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Mol Ther. 2003 Oct;8(4):611-7.

Direct comparison of RD114-pseudotyped versus amphotropic-pseudotyped retroviral vectors for transduction of rhesus macaque long-term repopulating cells.

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1
Molecular Hematopoiesis Section, Hematology Branch, National Heart, Lung, and Blood Institute, National Institutes of Health, 9000 Rockville Pike, Bethesda, Maryland 20892, USA.

Abstract

Recently, RD114 (feline endogenous retrovirus envelope protein)-pseudotyped retroviral particles have been shown to transduce human NOD/SCID repopulating cells efficiently. In this study, we compared directly transduction of repopulating cells with RD114-pseudotyped vector to that with standard amphotropic vector in the rhesus macaque model. G-CSF/SCF-mobilized CD34(+) rhesus peripheral blood cells were cultured in the presence of SCF, Flt-3 ligand, and MGDF on Retronectin-coated flasks. To assess directly the ability of the two pseudotypes to transduce primitive cells, both vectors were added simultaneously to the target cells every 24 h, for a total of four exposures in 96 h. The cells were reinfused after the animals received 1000 cGy total body irradiation. At the end of transduction, gene marking efficiency of CFU was higher with amphotropic LNL6 vector (mean 88.4%) vs RD114-G1Na vector (mean 18.5%). After long-term engraftment in three animals, total neo gene marking levels were 4-5% in PBMNCs and 1.5-4% in granulocytes. The RD114-G1Na marking levels were consistently higher in granulocytes than in mononuclear cells, while amphotropic LNL6 marking levels were higher in PBMNCs than in granulocytes. The differential gene marking patterns suggest that RD114 and amphotropic vectors may target distinct progenitor or stem cell populations. There was no clear advantage for RD114-pseudotyped vectors in this predictive preclinical model in terms of overall long-term marking levels; however, optimization of transduction conditions by increasing m.o.i. or inducing the receptor could potentially improve results with this novel vector system.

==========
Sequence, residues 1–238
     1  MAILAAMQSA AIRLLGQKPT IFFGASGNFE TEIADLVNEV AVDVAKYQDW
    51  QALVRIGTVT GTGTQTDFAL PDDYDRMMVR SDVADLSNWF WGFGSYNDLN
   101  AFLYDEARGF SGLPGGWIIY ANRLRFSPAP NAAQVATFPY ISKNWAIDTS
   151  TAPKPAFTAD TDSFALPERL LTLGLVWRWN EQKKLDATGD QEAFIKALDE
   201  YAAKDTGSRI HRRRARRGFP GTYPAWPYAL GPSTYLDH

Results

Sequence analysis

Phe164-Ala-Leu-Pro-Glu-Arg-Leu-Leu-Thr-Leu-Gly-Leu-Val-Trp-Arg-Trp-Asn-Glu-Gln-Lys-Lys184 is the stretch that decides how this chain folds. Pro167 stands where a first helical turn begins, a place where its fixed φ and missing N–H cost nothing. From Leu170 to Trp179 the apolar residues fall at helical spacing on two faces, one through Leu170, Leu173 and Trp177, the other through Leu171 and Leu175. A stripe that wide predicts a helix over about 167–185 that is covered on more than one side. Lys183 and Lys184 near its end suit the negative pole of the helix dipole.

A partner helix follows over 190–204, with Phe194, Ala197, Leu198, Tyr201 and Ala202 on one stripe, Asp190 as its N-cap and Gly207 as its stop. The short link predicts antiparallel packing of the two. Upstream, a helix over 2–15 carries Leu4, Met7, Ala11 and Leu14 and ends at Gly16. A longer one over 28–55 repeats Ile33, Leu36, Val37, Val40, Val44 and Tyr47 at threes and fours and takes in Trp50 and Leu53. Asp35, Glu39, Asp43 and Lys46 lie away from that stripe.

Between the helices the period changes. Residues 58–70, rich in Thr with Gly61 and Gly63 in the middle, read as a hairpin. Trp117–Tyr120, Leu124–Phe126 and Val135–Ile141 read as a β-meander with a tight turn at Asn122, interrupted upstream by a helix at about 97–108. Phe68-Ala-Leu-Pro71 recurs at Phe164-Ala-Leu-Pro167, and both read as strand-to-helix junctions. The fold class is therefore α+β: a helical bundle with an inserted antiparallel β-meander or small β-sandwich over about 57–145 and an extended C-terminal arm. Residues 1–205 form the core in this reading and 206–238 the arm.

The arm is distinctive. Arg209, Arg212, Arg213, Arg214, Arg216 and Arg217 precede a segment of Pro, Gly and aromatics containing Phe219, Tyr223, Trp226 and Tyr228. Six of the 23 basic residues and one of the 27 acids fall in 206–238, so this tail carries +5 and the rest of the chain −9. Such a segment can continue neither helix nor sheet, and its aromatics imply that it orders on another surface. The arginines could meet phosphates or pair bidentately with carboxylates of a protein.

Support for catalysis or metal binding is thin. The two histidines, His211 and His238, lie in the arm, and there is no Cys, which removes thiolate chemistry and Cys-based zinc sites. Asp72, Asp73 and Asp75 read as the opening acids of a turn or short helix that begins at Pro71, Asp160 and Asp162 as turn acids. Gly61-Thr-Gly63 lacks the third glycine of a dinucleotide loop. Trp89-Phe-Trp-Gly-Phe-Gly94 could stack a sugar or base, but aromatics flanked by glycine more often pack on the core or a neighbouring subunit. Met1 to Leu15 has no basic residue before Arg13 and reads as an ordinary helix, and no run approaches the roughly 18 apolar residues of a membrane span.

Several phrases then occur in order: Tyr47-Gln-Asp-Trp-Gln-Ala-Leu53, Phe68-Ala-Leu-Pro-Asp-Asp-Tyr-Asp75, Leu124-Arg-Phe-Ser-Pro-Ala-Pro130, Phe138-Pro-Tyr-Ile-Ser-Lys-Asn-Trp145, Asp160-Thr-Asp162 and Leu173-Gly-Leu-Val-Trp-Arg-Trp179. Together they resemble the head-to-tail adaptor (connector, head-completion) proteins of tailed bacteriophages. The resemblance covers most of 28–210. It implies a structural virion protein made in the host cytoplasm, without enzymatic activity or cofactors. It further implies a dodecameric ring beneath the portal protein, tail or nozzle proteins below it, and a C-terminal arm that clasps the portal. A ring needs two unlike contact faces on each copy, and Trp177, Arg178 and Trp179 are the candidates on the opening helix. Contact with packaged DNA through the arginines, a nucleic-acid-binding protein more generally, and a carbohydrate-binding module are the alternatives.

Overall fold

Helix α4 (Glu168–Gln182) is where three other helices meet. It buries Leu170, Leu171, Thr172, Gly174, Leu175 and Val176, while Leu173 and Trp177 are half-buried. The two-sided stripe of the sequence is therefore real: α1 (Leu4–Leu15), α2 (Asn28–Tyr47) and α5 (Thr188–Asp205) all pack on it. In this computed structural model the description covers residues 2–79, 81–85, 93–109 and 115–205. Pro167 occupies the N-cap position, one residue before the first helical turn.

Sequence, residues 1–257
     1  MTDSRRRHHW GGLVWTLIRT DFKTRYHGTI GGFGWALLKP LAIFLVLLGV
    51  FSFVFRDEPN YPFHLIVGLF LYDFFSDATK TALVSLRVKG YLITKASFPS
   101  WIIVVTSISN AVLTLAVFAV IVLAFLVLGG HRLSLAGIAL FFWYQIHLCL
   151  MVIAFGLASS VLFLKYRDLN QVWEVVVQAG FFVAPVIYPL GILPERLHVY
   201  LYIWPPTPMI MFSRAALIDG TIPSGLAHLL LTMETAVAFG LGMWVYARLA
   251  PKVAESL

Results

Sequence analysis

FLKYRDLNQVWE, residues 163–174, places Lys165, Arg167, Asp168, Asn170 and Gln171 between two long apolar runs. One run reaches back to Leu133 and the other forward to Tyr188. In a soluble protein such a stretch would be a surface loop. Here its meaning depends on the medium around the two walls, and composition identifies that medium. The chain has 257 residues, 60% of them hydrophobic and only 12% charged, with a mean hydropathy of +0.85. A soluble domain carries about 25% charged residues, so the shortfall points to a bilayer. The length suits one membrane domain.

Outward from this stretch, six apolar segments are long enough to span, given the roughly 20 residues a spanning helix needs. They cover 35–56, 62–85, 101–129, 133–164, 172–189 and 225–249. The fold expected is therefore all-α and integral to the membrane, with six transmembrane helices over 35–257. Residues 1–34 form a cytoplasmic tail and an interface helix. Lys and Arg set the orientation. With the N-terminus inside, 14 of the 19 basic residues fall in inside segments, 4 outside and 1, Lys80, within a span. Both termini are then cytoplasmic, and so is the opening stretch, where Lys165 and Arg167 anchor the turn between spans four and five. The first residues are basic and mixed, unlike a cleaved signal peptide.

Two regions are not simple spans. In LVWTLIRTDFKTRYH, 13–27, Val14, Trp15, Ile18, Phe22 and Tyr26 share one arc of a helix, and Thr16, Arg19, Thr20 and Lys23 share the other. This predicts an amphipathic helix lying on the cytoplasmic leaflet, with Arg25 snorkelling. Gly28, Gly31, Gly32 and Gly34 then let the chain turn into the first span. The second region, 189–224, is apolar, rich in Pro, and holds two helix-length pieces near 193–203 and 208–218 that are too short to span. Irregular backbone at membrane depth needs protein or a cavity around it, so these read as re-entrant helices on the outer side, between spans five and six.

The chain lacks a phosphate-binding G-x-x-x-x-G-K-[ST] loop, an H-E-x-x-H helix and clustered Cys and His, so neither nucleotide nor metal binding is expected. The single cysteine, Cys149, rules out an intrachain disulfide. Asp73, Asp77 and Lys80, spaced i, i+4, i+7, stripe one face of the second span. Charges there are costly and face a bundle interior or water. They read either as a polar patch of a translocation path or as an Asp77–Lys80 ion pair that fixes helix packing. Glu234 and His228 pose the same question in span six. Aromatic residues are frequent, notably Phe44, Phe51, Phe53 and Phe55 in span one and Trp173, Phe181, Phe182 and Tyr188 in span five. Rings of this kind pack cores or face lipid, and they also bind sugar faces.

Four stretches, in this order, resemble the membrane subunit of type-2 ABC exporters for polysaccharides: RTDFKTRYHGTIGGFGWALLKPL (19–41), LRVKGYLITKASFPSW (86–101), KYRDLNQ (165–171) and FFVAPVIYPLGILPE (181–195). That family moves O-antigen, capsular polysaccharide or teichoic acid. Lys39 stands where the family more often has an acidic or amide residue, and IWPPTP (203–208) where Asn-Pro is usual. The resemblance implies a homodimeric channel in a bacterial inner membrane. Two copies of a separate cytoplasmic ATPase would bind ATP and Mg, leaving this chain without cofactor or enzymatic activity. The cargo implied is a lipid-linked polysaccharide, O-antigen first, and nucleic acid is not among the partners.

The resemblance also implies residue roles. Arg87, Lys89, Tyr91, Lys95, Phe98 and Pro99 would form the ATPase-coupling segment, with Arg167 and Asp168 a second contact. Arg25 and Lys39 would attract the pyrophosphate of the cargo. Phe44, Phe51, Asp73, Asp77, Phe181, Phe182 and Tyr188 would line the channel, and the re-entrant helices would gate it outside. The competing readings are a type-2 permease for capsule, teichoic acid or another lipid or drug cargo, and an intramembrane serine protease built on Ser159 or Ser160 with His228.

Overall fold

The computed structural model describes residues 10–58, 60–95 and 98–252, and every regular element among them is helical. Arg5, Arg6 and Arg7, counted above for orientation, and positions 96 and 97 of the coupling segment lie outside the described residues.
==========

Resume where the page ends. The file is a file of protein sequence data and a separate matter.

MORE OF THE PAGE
PMID:
14529834
[Indexed for MEDLINE]
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